“They do have to show where they were laid off work or somehow COVID impacted their household to get the funds and address the project that they’re completing,” said Mandell. “Maybe they were in the middle of installing a new kitchen and got laid off and couldn’t finish the project. This funding can help those individuals with things like that.”
Businesses and non-profits are also eligible for funding. Non-profits saw many fundraising efforts curbed by the pandemic, and the shutdown weakened the bottom lines of small businesses.
The city has earmarked 17% of the ARPA funding to recover lost revenue. Under the federal guidelines, the money can’t be saved for a rainy day. It must be utilized, and Elmira already has a project in mind.
“Federal guidelines said anything we had budgeted plus 4% would be considered a loss. That’s how we came to that figure of just over $2 million,” said Mandell. “We cannot use that to pad our fund balance or even to do tax decreases, unfortunately. We have to put that back into the city general fund and use it in some manner. A lion’s share of those funds will go to replace the clock tower. It’s in desperate need of repair.”
The city previously received a $600,000 state grant to repair the historic clock on city hall, but the pandemic threatened to reset those plans.
“We were in a panic because that’s becoming quite a safety hazard. It’s a blessing to get that repaired,” said Mandell. “Some people ask why don’t we tear it down, but it costs almost as much to tear it down as it does to restore it.”
The city also targeted 17% of the ARPA dollars for tourism. Some funding will go to the Chamber of Commerce and some will support Woodlawn Cemetery, which is eligible for tourism dollars given the historical figures, including Mark Twain, who are interred in Elmira.
Most of the tourism allocation in Elmira’s first round of ARPA funding will help improve Dunn Field, home of the Elmira Pioneers.
“That needs a lot of work and it’s considered tourism, it brings people in from outside the area to watch baseball games,” said Mandell. “That’s something we probably couldn’t have done (without ARPA funding).”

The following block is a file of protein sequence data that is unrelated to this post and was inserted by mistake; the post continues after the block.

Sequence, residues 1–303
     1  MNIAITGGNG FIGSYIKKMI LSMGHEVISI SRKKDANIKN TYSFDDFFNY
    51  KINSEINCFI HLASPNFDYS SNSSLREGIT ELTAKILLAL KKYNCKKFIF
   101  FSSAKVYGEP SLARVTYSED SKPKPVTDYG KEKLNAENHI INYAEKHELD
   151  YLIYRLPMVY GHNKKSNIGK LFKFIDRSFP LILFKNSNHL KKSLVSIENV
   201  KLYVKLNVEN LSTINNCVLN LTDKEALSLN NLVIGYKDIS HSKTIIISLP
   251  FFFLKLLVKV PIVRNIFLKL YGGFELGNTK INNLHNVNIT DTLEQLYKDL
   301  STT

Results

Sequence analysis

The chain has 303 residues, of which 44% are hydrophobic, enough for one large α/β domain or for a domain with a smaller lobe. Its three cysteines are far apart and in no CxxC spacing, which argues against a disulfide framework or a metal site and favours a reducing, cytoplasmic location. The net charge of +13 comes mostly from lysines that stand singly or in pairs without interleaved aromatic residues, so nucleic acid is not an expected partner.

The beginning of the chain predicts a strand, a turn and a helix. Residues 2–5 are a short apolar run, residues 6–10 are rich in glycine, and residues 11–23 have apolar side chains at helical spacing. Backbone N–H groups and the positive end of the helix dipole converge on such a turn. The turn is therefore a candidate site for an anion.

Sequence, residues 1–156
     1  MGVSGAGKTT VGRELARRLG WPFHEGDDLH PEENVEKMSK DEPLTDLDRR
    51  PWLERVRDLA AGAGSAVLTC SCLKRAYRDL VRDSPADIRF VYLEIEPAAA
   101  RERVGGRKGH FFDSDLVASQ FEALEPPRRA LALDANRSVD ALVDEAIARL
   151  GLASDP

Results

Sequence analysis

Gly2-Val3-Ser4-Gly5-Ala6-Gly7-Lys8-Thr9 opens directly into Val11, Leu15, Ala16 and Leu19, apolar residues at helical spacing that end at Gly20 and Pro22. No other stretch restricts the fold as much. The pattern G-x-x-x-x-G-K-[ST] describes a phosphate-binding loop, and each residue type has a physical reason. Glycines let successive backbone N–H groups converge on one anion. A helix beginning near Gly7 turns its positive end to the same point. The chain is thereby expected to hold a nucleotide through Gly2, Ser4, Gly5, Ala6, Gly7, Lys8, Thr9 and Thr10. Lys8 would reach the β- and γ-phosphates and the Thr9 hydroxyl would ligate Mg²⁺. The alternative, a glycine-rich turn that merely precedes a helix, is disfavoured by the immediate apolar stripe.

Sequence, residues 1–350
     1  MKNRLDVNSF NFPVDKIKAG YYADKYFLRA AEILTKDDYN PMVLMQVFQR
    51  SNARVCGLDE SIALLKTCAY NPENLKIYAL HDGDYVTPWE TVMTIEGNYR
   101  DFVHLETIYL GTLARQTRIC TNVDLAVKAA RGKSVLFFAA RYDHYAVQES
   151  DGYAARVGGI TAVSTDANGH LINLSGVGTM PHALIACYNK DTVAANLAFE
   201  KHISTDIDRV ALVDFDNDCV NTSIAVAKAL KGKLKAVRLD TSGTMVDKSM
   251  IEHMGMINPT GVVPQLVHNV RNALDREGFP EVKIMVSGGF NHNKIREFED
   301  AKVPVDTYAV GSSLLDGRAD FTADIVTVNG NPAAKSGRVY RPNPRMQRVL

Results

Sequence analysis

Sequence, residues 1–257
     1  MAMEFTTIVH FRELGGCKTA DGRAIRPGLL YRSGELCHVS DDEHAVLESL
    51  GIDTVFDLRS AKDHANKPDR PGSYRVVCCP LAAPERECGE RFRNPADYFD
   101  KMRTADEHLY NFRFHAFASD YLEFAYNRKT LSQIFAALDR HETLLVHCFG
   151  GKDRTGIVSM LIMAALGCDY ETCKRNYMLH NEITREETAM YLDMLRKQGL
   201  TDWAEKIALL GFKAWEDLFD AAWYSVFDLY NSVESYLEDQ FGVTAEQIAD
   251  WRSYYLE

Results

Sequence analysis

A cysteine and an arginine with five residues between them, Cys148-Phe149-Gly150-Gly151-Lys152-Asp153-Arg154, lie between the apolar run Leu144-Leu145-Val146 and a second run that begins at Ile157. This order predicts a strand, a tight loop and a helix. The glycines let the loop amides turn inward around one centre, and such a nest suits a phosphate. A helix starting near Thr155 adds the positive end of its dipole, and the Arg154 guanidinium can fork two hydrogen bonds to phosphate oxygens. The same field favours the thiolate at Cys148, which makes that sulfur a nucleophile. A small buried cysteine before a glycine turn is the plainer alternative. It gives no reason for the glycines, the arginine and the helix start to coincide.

Premium pay for employees
Finally, 8% of Elmira’s ARPA money will go back to city employees in the form of “premium pay” — a direct payment to employees who worked through the pandemic. Full-time employees will receive $5,000, with $2,500 for part-time employees and $1,000 for seasonal workers.
“Police, fire, administrative staff, everybody stepped up,” said Mandell. “You had sanitation out there picking up garbage. You had our police and fire departments responding to calls.
“They’ve been putting their health on the line, and not only their health but their family’s health as well. They could have brought something home. If they have a mother and father up there in age, it could have been fatal. We just thought it was the right thing to do.”
American Rescue Plan, Part 2
The City of Elmira’s total award from the American Rescue Plan came in at just over $28.2 million. The second half of the funding will be delivered in 2022. The city has already started developing a plan to best utilize the remaining funds based on how its programs perform in 2021.
“We will review what worked and what didn’t during the first year,” said Mandell. “We’ll look at the whole picture at the end and develop our second plan starting next year.”